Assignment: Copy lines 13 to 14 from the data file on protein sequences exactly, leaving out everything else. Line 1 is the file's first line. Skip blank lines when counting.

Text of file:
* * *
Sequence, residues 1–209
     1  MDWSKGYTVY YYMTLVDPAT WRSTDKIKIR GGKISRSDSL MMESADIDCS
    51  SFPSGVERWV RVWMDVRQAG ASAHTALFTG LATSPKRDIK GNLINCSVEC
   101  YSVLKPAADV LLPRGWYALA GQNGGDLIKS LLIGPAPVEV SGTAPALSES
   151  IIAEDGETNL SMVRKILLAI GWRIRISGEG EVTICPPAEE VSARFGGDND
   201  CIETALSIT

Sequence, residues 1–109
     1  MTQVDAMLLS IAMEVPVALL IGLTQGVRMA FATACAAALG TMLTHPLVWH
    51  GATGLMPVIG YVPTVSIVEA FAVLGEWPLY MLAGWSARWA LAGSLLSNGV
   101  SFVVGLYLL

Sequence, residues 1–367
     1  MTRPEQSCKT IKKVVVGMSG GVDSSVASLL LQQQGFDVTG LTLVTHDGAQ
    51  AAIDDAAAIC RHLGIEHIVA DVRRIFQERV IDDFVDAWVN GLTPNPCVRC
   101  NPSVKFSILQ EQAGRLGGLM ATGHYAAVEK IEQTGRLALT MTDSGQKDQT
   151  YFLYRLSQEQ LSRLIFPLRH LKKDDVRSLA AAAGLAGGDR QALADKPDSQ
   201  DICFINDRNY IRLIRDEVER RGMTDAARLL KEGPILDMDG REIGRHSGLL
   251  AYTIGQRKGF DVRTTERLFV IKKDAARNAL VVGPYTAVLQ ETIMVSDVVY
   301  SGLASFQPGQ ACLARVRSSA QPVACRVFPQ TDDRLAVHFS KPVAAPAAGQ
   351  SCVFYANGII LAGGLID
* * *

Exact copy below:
    51  AAIDDAAAIC RHLGIEHIVA DVRRIFQERV IDDFVDAWVN GLTPNPCVRC
   101  NPSVKFSILQ EQAGRLGGLM ATGHYAAVEK IEQTGRLALT MTDSGQKDQT